Influencing: 10 steps

Yesterday I've was working with a group of people to orchestrate a communication session. As I moved through the day I wondered how we were deciding who was going to do what to get the session designed, resourced, and seamless to the participants.

It's a group of people I haven't worked with before and we're under very tight time restrictions. So when I stumbled across a review I happened to come across in my files of a book called Results without Authority: Controlling a Project When the Team Doesn't Report to You Tom Kendrick. New York: AMACOM, 2006. I stopped the thing I was doing and re-read the review. Kendrick is a project manager, and as the book reviewer reports the book is written from a project perspective :

structured in two parts, the first one describing three elements of project control: process,
influence, and measurement. The second part shows when to use these three elements of control throughout the life of a typical project, following the five process groups defined by the Project Management Institute's (PMI, 2004) A Guide to the Project Management Body of Knowledge (PMBOK).

The piece of work to get the communication session ready is really a project – if only a 6 day one. (It happens next week). It's one that demands quick responses from people to pull it together so influence skills are needed, and the communication session itself is one where we hope to influence positively the perceptions of the matter being discussed. Thus I was caught by the 10-Step Process for Influence that Kendrick discusses.

The ten steps are:

(1) Document your objective. – this is ok because we have a purpose and outcomes for the session so we know what we want to achieve and roughly how to do it.

(2) Identify who could do the work – this is the struggle. We are all fully committed to other stuff, and we don't know who is available to work on the project and how good they might be if we could find them. (A learning point is to set up with the training manager some kind of pool of people who would love to be called on at very short notice to work on a significant project as a development opportunity).

(3) Evaluate your options and select the best person. In terms of preparing the session at the moment the options seem to be do it ourselves so maybe we're the best people. (That is , the group of four of us who coalesced around the idea that we had to do something quickly) but in terms of putting the message across in a way that positively influences perceptions that's absolutely a question of evaluating options and selecting the best people to do that.

(4) Consider the other person's perspective. Again in bearing in mind our audience for the communication session, we are aware that we might be treading on people's toes, covering old ground, working in counter-cultural ways so hopefully that will help us be sensitive to the way we put things across. But how will we know until we've done it? We're trying to see it from all angles but inevitably we're individually and collectively biased.

(5) Consider possibilities for exchange – this is where the point of the session comes in. We want to influence the session participants so how much voice should we have, how much should they have, and what level of talk versus participation are all things that are coming into play as we sketch up the design. Things like video shots, photos, web demos, etc all require resources (and time) to pull together – and both are in short supply.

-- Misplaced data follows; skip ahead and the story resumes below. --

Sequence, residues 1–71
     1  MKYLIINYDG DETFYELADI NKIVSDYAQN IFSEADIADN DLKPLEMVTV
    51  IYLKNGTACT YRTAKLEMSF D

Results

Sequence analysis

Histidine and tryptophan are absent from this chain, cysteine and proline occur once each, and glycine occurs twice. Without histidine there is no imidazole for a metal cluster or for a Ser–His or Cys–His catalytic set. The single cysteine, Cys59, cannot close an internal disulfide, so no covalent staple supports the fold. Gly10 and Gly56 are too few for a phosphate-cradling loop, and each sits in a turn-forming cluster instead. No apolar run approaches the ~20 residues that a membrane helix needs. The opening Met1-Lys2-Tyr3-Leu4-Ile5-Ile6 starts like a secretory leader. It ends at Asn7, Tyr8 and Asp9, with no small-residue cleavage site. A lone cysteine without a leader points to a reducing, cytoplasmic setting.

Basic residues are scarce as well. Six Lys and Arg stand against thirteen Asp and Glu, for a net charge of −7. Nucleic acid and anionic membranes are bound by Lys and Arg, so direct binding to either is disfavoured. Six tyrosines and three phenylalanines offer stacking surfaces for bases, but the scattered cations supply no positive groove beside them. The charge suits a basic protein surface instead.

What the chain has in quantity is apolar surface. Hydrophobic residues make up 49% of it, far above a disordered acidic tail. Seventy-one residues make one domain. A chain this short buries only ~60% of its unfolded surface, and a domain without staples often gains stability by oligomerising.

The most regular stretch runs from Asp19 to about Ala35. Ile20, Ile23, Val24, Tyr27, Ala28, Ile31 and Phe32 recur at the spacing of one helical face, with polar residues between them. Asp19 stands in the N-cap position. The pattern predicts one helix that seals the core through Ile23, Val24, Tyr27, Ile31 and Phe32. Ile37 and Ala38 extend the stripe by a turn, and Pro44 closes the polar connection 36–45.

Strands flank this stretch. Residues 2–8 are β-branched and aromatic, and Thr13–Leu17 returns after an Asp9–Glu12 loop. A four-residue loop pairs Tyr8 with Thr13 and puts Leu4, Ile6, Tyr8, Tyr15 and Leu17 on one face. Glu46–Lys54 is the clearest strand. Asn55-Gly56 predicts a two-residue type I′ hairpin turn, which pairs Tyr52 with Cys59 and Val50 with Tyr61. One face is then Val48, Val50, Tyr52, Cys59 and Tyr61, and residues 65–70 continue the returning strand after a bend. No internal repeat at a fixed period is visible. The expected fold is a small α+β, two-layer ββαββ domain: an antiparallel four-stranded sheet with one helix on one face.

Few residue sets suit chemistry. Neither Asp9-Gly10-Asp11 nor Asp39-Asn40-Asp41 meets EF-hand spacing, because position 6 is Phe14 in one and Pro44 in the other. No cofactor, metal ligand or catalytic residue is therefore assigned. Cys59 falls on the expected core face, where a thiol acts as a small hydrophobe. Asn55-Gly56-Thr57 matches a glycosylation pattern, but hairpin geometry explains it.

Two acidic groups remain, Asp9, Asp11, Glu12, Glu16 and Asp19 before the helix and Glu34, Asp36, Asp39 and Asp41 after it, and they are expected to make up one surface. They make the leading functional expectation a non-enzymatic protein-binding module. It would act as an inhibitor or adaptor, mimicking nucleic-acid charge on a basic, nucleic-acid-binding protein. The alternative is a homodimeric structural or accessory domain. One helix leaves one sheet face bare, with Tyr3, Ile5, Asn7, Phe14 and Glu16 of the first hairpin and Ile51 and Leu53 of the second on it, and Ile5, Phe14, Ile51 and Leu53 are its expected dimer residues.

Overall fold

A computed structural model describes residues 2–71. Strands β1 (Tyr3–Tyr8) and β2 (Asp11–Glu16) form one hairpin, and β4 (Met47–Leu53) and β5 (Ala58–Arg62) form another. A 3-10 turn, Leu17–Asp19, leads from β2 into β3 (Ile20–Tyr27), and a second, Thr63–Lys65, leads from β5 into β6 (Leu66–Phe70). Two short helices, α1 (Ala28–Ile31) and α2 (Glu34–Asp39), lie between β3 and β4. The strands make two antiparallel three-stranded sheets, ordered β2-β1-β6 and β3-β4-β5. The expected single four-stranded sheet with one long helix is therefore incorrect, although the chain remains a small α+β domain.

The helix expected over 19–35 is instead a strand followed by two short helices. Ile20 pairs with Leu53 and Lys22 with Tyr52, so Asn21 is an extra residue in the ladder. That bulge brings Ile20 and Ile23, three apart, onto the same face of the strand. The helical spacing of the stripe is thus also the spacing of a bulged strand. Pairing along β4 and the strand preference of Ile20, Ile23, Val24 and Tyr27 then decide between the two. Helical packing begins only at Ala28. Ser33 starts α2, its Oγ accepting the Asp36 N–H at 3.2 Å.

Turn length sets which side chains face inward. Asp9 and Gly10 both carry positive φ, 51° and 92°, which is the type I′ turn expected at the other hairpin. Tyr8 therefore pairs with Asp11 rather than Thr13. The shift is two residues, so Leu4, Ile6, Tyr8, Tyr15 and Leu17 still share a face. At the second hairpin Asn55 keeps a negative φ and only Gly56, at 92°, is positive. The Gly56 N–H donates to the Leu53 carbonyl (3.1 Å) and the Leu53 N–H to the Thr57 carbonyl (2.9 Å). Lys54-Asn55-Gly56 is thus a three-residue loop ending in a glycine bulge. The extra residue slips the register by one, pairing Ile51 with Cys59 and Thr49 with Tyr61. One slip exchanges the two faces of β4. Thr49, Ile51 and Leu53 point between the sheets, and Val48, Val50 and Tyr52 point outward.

(6) Meet with the other person. Here we have two tracks of influence – how are the project teams members influencing each other's thinking and tasks as we pull together short meetings and even shorter phone calls/instant messages. How will the project team influence the session participant's thinking when we do meet face to face next week? Will what we have designed work in practice (no time for piloting or test running)?

(7) Verify your assumptions and determine what to exchange. – As I said no time for piloting and test running so what level of risk are we prepared to take? We have senior leadership support for the approach we've put forward – which is supposed to be the most important attribute of any project.

(8) Request a commitment. For the team – we are making a big assumption that we can rely on each other. But I'm confident that will be fine. For the audience we are going to ask them to commit to what we propose. How we will seal the commitment has not yet been determined.

(9) Document the agreement. We don't have time as a team to document what we are doing in a formal way, but there are informal emails, meeting notes and so on that are flying about. But as a general principle documenting the progress of a project is a sound idea. We will be documenting the outcomes of the communication session and following though on them.

(10) Deliver on your offer and track the work to completion. This comes after the communication session. Assuming it goes well we will have a raft of work to do.

So although I am somewhat skeptical of a 10 step plan to influence it does serve as a useful checklist and 'steadying device' when things seem chaotic.